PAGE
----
CIPC #185: Nero Vol.123, Wonderboy

Flemish people of a certain age might remember Nero from the newspapers, in which he featured for decades.1 Regular readers of this blog might know him from a previous post. Other people are just referred to that link for context. Last time, Nero’s grandfather was the centre of the plot, this time, the spotlights are on his son, Adhemar. Anyone familiar with the series knows that he is a perpetually six-years old wunderkind who is a professor at Oxford and a Nobel prize winner.

In this volume, there is a different prodigy in the USA whose father gets really angry when he learns that there is some kid smarter than his son. He hires some goons to kill Adhemar, which of course upsets his father, Nero.

Logically, Nero and Adhemar take one of the latter’s rockets to fly across the Atlantic and pay their harasser a visit in his mansion. While the fathers are sorting out their differences,2 the younglings withdraw to the very comfortable looking rooftop where they talk poetry and play a game of chess.4

I will spare you the translation, as it is pretty much entirely unrelated to chess. This is not:

The reconstruction was a bit problematic as the drawings are rather small. In addition, the wonderboy seems to be moving a black bishop to or from b4 or a4 or somewhere in that vicinity.

I am, sadly, quite confident in the placement of the pawns on the d-file. Together with the fact that h1 is a black square, you might think that maybe they’re just sitting at the a and h file instead of at the first and eighth rank, but then the pawn on h2 is an anomaly.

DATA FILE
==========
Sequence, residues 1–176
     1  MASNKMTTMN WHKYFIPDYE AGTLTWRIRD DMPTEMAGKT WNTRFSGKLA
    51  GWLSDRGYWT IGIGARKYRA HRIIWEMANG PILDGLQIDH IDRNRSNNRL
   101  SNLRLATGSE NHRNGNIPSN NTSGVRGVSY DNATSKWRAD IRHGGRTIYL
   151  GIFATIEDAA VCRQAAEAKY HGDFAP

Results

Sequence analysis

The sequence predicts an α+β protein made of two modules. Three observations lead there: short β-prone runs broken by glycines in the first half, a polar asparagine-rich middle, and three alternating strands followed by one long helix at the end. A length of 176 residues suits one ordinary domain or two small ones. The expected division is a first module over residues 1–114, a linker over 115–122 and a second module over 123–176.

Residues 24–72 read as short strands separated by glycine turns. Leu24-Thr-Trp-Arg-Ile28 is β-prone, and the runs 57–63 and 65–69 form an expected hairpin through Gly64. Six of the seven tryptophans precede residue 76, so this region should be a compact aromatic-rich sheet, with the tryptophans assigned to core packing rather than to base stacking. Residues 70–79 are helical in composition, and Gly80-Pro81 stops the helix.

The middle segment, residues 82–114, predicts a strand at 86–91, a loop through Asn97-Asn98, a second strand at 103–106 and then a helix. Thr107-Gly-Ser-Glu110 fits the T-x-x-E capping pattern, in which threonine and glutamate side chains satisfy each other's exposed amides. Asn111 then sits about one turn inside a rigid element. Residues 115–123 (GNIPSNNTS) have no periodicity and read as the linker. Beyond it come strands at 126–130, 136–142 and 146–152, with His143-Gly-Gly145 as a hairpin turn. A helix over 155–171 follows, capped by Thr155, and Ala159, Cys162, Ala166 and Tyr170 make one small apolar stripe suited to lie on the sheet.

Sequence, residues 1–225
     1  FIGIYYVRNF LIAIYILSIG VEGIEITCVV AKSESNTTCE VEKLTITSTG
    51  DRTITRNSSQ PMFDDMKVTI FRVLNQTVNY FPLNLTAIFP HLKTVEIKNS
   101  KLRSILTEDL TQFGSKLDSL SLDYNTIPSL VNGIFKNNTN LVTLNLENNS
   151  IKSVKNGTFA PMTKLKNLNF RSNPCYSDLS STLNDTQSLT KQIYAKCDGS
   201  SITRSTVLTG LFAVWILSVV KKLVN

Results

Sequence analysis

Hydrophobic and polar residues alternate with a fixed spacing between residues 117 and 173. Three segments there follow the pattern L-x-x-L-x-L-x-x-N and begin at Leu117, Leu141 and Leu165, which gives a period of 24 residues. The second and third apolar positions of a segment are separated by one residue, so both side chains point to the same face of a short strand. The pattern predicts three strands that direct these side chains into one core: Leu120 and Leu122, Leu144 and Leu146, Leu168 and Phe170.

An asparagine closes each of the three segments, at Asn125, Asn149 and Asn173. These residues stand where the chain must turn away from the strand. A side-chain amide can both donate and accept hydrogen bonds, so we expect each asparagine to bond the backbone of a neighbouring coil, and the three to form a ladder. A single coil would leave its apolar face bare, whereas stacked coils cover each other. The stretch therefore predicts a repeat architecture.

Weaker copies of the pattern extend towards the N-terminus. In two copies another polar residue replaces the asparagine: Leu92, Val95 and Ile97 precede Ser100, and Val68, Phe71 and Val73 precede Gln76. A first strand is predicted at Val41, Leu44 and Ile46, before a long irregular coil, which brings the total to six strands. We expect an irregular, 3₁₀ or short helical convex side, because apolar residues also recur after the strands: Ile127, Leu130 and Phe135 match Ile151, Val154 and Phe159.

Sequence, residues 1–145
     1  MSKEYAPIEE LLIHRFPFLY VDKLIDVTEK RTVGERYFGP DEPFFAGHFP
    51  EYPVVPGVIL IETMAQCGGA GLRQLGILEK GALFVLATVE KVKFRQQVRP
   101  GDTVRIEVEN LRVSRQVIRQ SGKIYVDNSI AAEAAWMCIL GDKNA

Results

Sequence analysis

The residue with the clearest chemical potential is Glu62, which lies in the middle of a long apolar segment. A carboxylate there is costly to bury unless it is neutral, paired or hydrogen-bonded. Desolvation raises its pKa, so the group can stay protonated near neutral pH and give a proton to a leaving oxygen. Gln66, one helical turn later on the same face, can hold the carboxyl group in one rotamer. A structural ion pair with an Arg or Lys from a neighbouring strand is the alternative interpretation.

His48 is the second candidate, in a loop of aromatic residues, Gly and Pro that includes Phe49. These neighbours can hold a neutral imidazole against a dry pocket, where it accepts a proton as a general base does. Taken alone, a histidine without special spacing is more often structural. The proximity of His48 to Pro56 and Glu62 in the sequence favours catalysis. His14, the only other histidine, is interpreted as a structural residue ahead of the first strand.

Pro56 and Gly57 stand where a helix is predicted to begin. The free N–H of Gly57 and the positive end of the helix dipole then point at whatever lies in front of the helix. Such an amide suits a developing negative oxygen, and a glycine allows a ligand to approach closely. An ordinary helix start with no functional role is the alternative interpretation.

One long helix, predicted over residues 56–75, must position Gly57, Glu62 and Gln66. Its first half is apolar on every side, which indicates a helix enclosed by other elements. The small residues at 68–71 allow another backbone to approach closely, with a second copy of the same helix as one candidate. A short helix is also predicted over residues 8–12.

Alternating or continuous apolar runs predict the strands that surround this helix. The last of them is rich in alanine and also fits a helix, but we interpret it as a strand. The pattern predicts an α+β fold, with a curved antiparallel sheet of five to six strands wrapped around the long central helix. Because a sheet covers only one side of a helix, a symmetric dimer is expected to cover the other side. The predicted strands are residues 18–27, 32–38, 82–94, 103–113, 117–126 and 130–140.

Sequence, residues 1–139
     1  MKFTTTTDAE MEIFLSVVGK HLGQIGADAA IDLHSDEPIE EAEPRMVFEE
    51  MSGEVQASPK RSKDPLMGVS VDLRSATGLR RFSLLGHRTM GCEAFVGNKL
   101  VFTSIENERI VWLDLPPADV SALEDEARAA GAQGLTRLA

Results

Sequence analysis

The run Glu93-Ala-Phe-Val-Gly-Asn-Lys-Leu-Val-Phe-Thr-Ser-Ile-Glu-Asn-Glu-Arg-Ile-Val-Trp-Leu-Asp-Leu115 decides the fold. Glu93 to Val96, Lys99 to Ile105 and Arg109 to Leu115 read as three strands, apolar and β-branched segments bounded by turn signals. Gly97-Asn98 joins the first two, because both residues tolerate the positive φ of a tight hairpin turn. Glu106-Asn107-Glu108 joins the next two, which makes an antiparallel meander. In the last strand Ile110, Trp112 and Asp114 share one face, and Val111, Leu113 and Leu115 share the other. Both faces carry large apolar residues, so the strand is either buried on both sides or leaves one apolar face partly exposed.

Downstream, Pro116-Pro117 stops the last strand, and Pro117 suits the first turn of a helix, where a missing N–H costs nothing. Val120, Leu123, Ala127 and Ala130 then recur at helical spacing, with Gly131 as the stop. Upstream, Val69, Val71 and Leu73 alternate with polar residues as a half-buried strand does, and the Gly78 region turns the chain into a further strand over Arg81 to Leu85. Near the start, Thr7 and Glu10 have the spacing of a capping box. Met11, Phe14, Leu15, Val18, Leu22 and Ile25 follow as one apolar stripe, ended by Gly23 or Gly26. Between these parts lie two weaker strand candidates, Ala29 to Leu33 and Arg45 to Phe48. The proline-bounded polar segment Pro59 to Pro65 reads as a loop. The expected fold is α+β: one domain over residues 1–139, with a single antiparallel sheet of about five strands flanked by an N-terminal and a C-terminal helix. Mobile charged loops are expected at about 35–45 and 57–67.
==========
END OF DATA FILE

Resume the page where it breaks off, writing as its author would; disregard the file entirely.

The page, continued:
But perhaps these two geniuses are just so brilliant that standard chess is too pedestrian for them5 and they have, without conferring, decided on some obscure chess variant in which pawns have supernatural powers.

Realism: 0/5 If there are two bordering borders with a pawn on them, something is wrong.

Probable winner: Nobody. The one chess related word our two prodigies say is remise, which Dutch — and indeed French — for a draw.

1. [Flemish readers of an uncertain age might also remember him, but are advised to consult a doctor.]
2. [Whence the ‘BAM’ and ‘KNOTS’ in the bottom left.3]
3. [The ‘KNOTS’ has nothing to do with knots. It is Dutch for mace or club and is also used, onomatopoeically and with a hard ‘k’, as a sound effect for a crash.]
4. [They also settled the question of how to make nice diagrams.]
5. [Kind of like Capablanca.]